robothead

Flash and Unity development

Simple One-Way Platforms in Unity 2D

Posted by robotheadgames on August 26, 2014

That’s right… 2D, not 3D…

I’ve been recently revisiting my mouse (the rodent, not the controller) platformer and I wanted to try out Unity’s relatively new 2D tools and see how they compared to Flash.

Note: I still like Flash, I’m quite comfortable with it as a 2D game dev tool and with AS3 but Unity has grown on me for game development.

Anyway, working from the 2D example project, all was well, except for one thing. One-way platforms. Again, you don’t get them out of the box. In 3D, as noted in the earlier post, this is easy enough to do by using a plane as a mesh collider. Unity could have made this easy in 2D by including the option of a one-way edge collider but they didn’t, edge colliders are two-way only. It seems to be a major oversight as one-way platforms are a major part of many old school 2D games. And they are an essential part of my mouse game. The entire game feels different without them.

There seems to be a good bit of demand for this feature and I found a number of solutions online. One, they have implemented a Physics2D.IgnoreCollision function in Unity 4.5 which seems to be most helpful. However, the simplest solution seems to be this one and it even works in Unity 4.3:

http://physicist3d.blogspot.com/2013/12/unity-tutorial-how-to-make-one-way.html

By Sudhir Attri. (Thanks dude!) Basically you make an empty GameObject as a child of your platform, give it a box collider that sits right below your platform and make it a trigger that turns the platform’s collider on and off. (Dead simple with their script.) That way your character can jump up through the platform and land on top of it. Success!

Except there is a problem. This only works once per game. Let’s say my mouse falls down from a higher platform and has to go back up. But he can’t, as the one-way platforms he’s passed through are no longer one-way and are blocking his way. This will not do.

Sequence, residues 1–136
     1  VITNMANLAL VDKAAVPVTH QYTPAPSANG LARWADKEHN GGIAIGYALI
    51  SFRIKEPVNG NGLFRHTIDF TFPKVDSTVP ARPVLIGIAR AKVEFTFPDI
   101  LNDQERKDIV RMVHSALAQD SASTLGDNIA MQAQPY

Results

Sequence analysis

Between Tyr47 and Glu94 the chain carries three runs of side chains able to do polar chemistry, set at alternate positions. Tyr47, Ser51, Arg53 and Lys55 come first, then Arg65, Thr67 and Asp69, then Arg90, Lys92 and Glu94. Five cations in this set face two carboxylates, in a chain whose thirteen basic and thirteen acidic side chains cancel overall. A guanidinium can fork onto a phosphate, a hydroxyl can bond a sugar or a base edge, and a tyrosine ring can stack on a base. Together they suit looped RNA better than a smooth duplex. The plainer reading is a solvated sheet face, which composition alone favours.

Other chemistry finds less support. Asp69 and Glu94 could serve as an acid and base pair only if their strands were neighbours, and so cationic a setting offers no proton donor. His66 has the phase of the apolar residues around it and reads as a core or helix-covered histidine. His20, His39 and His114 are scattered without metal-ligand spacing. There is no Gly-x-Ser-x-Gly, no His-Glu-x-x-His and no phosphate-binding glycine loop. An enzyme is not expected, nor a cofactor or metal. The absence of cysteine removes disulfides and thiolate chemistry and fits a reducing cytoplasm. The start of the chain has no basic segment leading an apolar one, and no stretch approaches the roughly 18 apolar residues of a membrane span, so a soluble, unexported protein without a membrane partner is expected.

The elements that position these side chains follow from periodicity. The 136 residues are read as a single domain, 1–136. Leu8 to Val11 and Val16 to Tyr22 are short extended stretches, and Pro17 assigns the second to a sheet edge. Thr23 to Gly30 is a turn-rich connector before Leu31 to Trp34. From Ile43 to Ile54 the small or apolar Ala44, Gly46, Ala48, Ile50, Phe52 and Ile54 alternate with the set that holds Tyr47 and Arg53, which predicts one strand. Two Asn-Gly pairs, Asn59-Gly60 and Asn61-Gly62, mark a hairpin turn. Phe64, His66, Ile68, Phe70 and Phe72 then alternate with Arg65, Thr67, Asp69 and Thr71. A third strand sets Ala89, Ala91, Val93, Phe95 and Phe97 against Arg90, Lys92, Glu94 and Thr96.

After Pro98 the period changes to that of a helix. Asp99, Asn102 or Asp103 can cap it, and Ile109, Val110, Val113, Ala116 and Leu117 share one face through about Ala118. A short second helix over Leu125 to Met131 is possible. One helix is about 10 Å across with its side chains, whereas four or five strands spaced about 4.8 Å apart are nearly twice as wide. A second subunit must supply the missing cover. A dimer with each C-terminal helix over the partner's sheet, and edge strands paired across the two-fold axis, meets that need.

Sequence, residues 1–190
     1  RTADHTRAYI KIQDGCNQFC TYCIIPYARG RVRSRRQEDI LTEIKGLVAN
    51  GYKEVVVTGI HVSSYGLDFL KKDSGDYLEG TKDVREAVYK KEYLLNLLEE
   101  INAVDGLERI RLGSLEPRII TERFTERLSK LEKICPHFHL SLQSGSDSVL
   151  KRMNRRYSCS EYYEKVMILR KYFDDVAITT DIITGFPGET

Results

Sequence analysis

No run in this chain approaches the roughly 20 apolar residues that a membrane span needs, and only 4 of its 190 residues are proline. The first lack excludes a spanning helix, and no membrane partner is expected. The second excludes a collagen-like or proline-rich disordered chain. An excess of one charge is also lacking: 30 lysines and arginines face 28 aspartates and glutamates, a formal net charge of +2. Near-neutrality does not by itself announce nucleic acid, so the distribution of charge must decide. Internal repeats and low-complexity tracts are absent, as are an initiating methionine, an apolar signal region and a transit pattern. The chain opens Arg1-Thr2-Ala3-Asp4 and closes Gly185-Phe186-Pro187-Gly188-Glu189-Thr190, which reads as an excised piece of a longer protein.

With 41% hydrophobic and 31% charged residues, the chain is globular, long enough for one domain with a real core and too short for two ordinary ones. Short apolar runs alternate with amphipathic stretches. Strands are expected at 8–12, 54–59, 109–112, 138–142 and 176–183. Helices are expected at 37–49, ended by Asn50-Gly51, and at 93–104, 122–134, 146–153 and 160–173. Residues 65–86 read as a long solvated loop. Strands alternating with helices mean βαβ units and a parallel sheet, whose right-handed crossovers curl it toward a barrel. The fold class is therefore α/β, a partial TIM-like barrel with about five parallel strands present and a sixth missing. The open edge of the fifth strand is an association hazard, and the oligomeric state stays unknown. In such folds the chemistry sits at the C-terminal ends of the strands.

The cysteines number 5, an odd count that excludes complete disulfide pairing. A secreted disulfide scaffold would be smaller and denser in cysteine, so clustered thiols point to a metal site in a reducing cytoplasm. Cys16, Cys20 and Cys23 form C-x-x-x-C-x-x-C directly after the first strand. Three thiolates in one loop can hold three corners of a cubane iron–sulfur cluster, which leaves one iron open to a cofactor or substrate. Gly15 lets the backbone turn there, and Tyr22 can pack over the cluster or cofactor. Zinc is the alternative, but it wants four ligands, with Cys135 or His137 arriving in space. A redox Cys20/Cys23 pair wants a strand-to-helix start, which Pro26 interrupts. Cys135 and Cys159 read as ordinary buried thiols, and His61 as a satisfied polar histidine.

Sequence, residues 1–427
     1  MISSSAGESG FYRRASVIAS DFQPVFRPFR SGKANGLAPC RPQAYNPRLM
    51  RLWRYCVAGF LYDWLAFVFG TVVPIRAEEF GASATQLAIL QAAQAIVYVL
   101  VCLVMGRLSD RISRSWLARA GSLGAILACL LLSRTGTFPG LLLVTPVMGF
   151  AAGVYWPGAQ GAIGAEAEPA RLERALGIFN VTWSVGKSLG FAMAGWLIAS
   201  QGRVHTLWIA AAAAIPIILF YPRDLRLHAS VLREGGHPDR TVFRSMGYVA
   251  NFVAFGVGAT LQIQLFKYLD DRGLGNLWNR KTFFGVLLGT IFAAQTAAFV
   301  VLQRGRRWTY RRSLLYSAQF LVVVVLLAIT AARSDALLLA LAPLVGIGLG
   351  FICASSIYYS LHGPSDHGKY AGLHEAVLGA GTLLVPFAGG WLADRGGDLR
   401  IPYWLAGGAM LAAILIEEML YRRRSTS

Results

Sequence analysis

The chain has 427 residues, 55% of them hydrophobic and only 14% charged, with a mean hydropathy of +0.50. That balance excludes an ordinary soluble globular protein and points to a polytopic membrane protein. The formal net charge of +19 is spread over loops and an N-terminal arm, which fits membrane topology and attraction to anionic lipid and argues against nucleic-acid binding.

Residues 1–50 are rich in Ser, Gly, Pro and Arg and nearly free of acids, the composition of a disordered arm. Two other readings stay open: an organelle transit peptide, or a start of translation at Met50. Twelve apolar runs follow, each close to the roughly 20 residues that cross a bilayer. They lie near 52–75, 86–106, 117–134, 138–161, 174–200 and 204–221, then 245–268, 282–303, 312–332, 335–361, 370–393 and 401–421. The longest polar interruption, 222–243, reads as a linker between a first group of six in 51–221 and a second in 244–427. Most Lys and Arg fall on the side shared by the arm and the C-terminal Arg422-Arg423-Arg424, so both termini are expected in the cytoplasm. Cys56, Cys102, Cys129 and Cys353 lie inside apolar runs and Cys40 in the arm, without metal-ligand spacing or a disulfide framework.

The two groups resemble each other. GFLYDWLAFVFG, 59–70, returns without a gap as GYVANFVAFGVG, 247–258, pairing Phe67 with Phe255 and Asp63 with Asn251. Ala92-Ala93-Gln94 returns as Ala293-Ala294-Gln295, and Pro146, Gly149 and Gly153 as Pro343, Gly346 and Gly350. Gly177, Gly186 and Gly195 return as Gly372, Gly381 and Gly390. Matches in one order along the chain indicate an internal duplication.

Here is the solution I came up with. It’s simple: 

Basically you want a large trigger that turns its parent platform one-way every time your character walks below the platform. So do everything as before. I’ve called the trigger object platformTrigger, here it is in the hierarchy:

Trigger Hierarchy

Resize and position the trigger’s BoxCollider like this, so it overlaps the bottom of the platform a bit (more on this later) and hangs down far enough that the character will walk into it when walking under the platform:

Trigger BoxCollider placement

Still using the example’s game assets.

Set the trigger’s materials, trigger and script properties to this in the Inspector:

(Platform being its parent platform.) Updated 8/29 with correct settings. Check Oneway OFF.

(Platform being its parent platform.)
Updated 8/29 with correct settings. Check Oneway OFF.

Finally, use this script (C#, JavaScript follows):

using UnityEngine;
using System.Collections;

public class PlatformTrigger : MonoBehaviour {
public BoxCollider2D platform;
public bool oneWay = false;

// Use this for initialization
void Start () {

}

// Update is called once per frame
void Update ()
{
platform.enabled = !oneWay;
}

void OnTriggerEnter2D(Collider2D other)
{
oneWay = true;
}

void OnTriggerStay2D(Collider2D other)
{
oneWay = true;
}

void OnTriggerExit2D(Collider2D other)
{
oneWay = false;
}
}

Now in JavaScript…

#pragma strict
var platform : BoxCollider2D;
var oneway : boolean;
function Start () {
}

function Update () {
Debug.Log(oneway);
if (oneway)
platform.enabled=false;

if (!oneway)
platform.enabled=true;
}

function OnTriggerEnter2D(other: Collider2D) {
oneway = true;
}

function OnTriggerStay2D(other: Collider2D) {
oneway = true;
}

function OnTriggerExit2D(other: Collider2D) {
oneway = false;
}

That’s it!

*The reason for placing the BoxCollider this way… If it’s too high, the character will pass through the platform from above if he comes at an angle to the sides. This won’t do. If the BoxCollider is too low, he will noticeably slow down as he comes up through the platform and won’t jump high over it. That *could* be OK, as it gives him the effect of “snapping to” the platform’s surface and you may want that. I don’t want it for my game. So the way I did it, there may be some barely (or not even) noticeable slowdown (which is OK) but he jumps just as high.

There will be more on the unnamed mouse game as it progresses. My main project is the beard brawler and I hope to post some news on it when ready.

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2 Responses to “Simple One-Way Platforms in Unity 2D”

  1. […] Simple One-Way Platforms in Unity 2D […]

  2. Cool post, but it could work better if you just use Physics2D.IgnoreCollision with the Player instead of disable the whole platform, for other Character (such as Enemy) might be walking on top of it.

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